Makeup artist Dan Striepeke on his five-decade ca­reer

Makeup leg­end Dan Striepeke formed a spe­cial bond with Tom Hanks

Variety - - Contents - By JAMES C. UDEL @clas­sic­film­crew

IN THE HIS­TORY of maquil­lage, few names echo more loudly than that of Dan Striepeke, who has earned a pair of Os­car nom­i­na­tions for his work with Tom Hanks on “For­rest Gump” and “Sav­ing Pri­vate Ryan.”

A mix­ture of psy­chol­o­gist and painter, sculp­tor and ac­tor’s best friend, Striepeke (pro­nounced STREE-PECK), was born in 1930 and be­gan his face-fix­ing ca­reer with a “walk-in” at L.A.’S Civic Play­house. Per­fectly re- cre­at­ing Louis Wol­heim’s char­ac­ter from “All Quiet on the West­ern Front,” the 19-year- old was hired in­stantly.

Tran­si­tion­ing to early tele­vi­sion on “Mcma­hon’s Min­strels,” “The Jack Rourke Show” and lo­cal news, Striepeke soon got work on ma­jor films such as 1956’s “Around the World in 80 Days” and “Gi­ant,” at­tend­ing bit-play­ers after gain­ing his union card. On that same year’s “The Ten Com­mand­ments,” he ap­plied sod­den makeup on 400 ex­tras play­ing slaves in the brick pit scenes, and placed re­al­hair beards on ev­ery­one after Ce­cil B. Demille spot­ted cheap, hook- on chin warm­ers in the dailies and shut down pro­duc­tion. Striepeke in­cor­po­rated six dif­fer­ent whisker de­signs to please the de­mand­ing di­rec­tor.

His craft chops grew amid the show­biz growth spurt of the ’50s. Striepeke worked on “Mav­er­ick,” “Play­house 90,” “The Ten­nessee Ernie Ford Show” and “The Pinky Lee Show.” He ob­tained jour­ney­man sta­tus on “The Red Skel­ton Show,” “The Jack Benny Pro­gram” and “Can- Can.” By 1959, the 30-year- old was anointed head of Uni­ver­sal’s pros­thetic makeup depart­ment by makeup leg­end Bud West­more.

For 1960’s “Spar­ta­cus,” his first project, Striepeke cre­ated Lau­rence Olivier’s req­ui­site Ro­man nose. On lo­ca­tion for “The Mag­nif­i­cent Seven,” it was dark makeup and mus­taches and beards for ban­dits.

Team­ing up with John Cham­bers in 1966 for the CBS TV show “Mis­sion: Im­pos­si­ble,” the pair de­vised the fran­chise’s sig­na­ture face peel. Car­ry­ing the mask con- cept to ex­tremes two years later, they ap­plied their la­tex sci­ence to an­other ef­fects bench­mark, “Planet of the Apes,” where they fig­ured out ways to al­low the ac­tors be­neath the heavy makeup to ar­tic­u­late the simi­ans’ faces.

Striepeke dis­cov­ered Hol­ly­wood’s trend-set­ting power when he came up with the idea for Robert Red­ford’s Fu Manchu mus­tache in 1969’s “Butch Cas­sidy and the Sun­dance Kid.” He tried var­i­ous looks, but it was the ac­tor’s own fa­cial fur that made the grade. Within six weeks of the film’s open­ing, the Sun­set Strip was full of men sport­ing the look.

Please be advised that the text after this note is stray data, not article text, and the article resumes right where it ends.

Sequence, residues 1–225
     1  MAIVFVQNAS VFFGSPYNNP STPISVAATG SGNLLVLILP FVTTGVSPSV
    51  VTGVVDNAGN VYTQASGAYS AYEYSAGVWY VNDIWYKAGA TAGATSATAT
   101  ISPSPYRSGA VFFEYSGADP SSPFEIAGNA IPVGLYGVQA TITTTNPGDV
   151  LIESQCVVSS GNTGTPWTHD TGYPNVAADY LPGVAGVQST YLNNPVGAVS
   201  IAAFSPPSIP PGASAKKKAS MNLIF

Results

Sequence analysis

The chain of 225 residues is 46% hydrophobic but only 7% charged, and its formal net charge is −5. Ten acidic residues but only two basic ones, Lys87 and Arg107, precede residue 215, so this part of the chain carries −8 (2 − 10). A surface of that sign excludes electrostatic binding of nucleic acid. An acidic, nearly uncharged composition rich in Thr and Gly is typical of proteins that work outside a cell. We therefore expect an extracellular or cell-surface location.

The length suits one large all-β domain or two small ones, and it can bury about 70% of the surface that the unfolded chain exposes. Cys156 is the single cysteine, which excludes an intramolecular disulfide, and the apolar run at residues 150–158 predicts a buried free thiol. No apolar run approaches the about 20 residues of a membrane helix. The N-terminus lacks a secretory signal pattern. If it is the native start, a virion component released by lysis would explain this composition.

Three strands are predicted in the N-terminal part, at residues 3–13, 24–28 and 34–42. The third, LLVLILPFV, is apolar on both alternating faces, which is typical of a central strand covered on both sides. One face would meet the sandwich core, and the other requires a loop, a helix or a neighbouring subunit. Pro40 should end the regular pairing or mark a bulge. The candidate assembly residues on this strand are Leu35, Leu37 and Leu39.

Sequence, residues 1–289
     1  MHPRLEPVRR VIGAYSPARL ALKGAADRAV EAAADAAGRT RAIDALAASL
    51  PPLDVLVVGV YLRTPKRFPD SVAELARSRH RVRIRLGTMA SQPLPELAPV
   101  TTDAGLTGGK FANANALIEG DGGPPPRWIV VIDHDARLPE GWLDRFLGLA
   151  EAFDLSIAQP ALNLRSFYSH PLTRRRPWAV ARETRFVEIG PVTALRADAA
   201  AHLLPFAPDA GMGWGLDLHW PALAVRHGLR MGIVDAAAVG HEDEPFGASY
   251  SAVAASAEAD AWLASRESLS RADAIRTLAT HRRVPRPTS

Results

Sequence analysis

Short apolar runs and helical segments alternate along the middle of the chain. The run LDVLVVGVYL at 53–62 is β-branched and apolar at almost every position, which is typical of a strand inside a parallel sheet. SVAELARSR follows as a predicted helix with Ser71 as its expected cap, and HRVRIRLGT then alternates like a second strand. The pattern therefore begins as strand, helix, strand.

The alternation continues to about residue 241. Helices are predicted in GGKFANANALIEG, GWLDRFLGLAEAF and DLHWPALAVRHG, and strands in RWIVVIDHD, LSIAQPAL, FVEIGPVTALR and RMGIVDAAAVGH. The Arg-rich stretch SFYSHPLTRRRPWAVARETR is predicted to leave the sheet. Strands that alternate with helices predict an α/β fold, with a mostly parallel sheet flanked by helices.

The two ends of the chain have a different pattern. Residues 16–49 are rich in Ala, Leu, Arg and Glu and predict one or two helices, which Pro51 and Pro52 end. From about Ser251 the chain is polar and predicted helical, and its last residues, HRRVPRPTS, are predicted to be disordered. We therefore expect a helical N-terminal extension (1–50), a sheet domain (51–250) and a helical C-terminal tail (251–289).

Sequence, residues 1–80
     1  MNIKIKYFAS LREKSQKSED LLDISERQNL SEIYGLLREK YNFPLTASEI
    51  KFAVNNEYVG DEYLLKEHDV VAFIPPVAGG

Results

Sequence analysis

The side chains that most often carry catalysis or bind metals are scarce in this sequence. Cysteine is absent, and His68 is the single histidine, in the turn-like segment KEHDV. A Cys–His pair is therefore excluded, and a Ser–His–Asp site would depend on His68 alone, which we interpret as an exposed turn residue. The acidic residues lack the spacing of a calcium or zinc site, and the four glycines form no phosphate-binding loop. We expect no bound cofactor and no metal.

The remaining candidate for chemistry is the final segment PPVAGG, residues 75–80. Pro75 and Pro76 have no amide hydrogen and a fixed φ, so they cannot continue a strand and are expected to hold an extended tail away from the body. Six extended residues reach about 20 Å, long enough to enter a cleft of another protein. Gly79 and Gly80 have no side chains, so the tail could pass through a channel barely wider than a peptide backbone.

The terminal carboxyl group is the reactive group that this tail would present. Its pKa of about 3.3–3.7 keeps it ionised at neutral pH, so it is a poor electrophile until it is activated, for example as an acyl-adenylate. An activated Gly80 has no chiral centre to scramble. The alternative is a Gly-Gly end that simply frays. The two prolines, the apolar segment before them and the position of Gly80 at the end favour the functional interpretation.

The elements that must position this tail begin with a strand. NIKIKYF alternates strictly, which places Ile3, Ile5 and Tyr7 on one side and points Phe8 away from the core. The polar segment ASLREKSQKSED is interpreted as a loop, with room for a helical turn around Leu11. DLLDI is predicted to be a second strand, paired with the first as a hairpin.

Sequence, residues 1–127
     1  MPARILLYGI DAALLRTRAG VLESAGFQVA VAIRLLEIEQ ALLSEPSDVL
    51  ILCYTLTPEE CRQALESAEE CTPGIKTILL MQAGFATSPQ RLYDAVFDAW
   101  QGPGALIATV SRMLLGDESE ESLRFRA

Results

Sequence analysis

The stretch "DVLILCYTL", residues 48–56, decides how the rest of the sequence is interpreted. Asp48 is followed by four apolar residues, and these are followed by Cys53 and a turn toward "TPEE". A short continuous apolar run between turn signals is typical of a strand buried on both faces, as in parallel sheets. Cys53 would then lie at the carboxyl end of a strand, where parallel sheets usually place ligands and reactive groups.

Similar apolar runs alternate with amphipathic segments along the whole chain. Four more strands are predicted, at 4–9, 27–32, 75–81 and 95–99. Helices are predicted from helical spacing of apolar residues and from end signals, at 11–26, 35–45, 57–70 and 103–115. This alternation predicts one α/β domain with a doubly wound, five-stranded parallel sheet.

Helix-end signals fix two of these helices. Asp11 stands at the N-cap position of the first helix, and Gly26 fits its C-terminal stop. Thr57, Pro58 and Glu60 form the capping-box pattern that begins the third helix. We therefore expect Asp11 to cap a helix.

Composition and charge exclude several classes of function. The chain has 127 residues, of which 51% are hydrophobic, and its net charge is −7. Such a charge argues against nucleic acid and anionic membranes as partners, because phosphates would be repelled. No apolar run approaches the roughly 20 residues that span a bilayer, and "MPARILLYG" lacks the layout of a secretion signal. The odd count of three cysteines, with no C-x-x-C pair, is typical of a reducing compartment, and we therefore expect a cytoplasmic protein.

The fol­low­ing year, for “Pat­ton,” he had to be more hands- on in transforming George C. Scott’s gnarled snif­fer into the gen­eral’s aquiline nose; he crafted a sup­port sys­tem that pulled the snout straight.

For the in­fa­mous Rus­sian roulette scenes in 1978’s “The Deer Hunter,” Striepeke cre­ated the look of the point-blank head wounds by fab­ri­cat­ing mal­leable shields that held ex­plo­sive squibs and af­fix­ing them to the ac­tors’ scalps. Upon det­o­na­tion, “blood” splat­tered and mock bone shat­tered. Au­di­ences gasped at the re­al­ism of the ef­fect.

By 1989, the makeup maven went free­lance, con­tin­u­ing a re­la­tion­ship with Tom Hanks that proved to be his most en­dur­ing in the craft. They had first bonded on 1987’s “Drag­net” and went on to col­lab­o­rate on “The ’Burbs,” “The Bon­fire of the Van­i­ties” and “For­rest Gump” (where Striepeke earned his first act­ing role, play­ing an as­sis­tant col­lege foot­ball coach).

“Sav­ing Pri­vate Ryan,” “The Green Mile,” “Cast Away” and the per­for­mance- cap­ture-based an­i­mated film “The Po­lar Ex­press” fol­lowed, and took their work to­gether to the next level, each film in­cor­po­rat­ing pro­pri­etary makeup looks for the A-list ac­tor.

Striepeke proud­est mo­ment came not when he was nom­i­nated for Os­cars but when he re­ceived an ova­tion from the crew upon re­veal­ing the look of Tom Hanks’ Santa Claus on “Po­lar Ex­press.” He tear­fully con­sid­ers that peer ap­pre­ci­a­tion be­yond words. “At that mo­ment,” he says, “I knew I had cre­ated a work of art.”

Striepeke re­tired after work­ing with Hanks on 2006’s “The Da Vinci Code.” He lives in West Los An­ge­les, writes, sculpts and con­tin­ues to men­tor oth­ers in the in­dus­try.

Long­time Col­lab­o­ra­tors Dan Striepeke ap­plies makeup to Tom Hanks in 1999 be­fore a scene in “The Green Mile.”

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